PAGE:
A jury in Fresno awarded the family of a man who died of mesothelioma $10.9 million in damages as a result of his contracting mesothelioma because of his use of Bendix asbestos brake pads and linings. The ruling came against Honeywell, the successor company that purchased Bendix in the 1980s. Bendix, like many manufacturers of brake parts used asbestos, because of its ability to withstand high temperatures.
The jury verdict was split, with $7.4 million being award to the family as compensatory damages, which is recompense for the premature death from mesothelioma at age 59 of their husband and father. The $3.5 million was awarded as punitive damages, which are designed to punish Honeywell/Bendix for “reckless indifference” in their use of asbestos.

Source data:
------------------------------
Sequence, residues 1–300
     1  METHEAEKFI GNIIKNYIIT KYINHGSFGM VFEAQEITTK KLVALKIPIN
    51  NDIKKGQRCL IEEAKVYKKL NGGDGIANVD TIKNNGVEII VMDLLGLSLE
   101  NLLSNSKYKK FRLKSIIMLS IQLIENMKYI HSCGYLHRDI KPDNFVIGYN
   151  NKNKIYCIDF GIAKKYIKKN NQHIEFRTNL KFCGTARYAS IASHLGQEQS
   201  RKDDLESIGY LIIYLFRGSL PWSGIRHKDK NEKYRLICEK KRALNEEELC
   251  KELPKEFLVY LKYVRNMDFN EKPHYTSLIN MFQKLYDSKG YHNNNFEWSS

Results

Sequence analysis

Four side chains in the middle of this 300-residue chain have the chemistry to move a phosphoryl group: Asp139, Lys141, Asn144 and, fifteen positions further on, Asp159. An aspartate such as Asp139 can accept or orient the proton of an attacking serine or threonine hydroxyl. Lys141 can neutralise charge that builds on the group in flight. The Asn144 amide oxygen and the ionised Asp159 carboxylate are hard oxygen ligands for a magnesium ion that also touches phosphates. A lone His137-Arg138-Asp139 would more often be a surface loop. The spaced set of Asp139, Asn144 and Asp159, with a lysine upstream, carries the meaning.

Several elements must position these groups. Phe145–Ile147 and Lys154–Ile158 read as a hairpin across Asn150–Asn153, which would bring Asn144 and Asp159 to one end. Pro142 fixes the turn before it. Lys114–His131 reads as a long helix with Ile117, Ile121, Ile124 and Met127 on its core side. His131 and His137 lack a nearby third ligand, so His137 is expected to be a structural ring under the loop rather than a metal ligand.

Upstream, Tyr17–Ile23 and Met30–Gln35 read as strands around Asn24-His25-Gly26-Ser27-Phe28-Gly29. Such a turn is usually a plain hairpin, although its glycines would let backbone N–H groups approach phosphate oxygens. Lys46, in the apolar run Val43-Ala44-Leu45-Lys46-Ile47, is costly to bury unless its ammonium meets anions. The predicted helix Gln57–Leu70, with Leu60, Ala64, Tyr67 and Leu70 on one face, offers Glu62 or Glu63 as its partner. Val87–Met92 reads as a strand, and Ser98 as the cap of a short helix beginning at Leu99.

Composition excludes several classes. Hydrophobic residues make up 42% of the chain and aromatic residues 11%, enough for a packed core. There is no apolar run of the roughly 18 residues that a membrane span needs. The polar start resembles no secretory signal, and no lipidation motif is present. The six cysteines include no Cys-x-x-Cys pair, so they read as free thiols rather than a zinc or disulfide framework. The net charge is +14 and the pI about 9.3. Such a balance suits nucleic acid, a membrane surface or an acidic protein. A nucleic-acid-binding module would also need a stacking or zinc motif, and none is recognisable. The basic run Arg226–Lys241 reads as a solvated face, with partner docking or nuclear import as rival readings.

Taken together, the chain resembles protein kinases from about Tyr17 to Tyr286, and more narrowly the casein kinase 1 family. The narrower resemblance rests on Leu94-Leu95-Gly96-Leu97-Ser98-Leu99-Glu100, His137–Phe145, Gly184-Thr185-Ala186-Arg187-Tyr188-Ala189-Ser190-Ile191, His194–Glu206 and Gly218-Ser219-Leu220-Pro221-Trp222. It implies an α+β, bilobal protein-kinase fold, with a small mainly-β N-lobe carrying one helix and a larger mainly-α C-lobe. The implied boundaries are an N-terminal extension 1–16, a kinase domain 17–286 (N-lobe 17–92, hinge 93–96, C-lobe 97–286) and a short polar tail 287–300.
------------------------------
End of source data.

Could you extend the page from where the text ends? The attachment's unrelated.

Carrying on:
The article points out that millions of individuals during the golden age of the automobile in the U.S. worked in cars in their backyards and garages. Brake maintenance would have been seen as something every backyard mechanic could handle on their own, and so they would have been exposed to the deadly asbestos fibers floating on the brake dust they may have cavalierly blown off with their own breath.
The reckless indifference of Bendix and Honeywell would have come because they knew there were “problems” with asbestos, and many companies even began to employ the use of respirators for their employees manufacturing the items that contained asbestos, but often they waited years before issuing any warnings to purchasers.
Why? Maybe because they were concerned that if they informed users that there was a potential risk from their product they could be sued. Of course, there was a risk, and they have been sued.
The baffling aspect of this line of reasoning is did the manufacturers really believe that when individuals began to die from mesothelioma, that no one would suspect it was related to the asbestos? You can only develop mesothelioma from asbestos, so connecting the dots always leads to the manufacturer.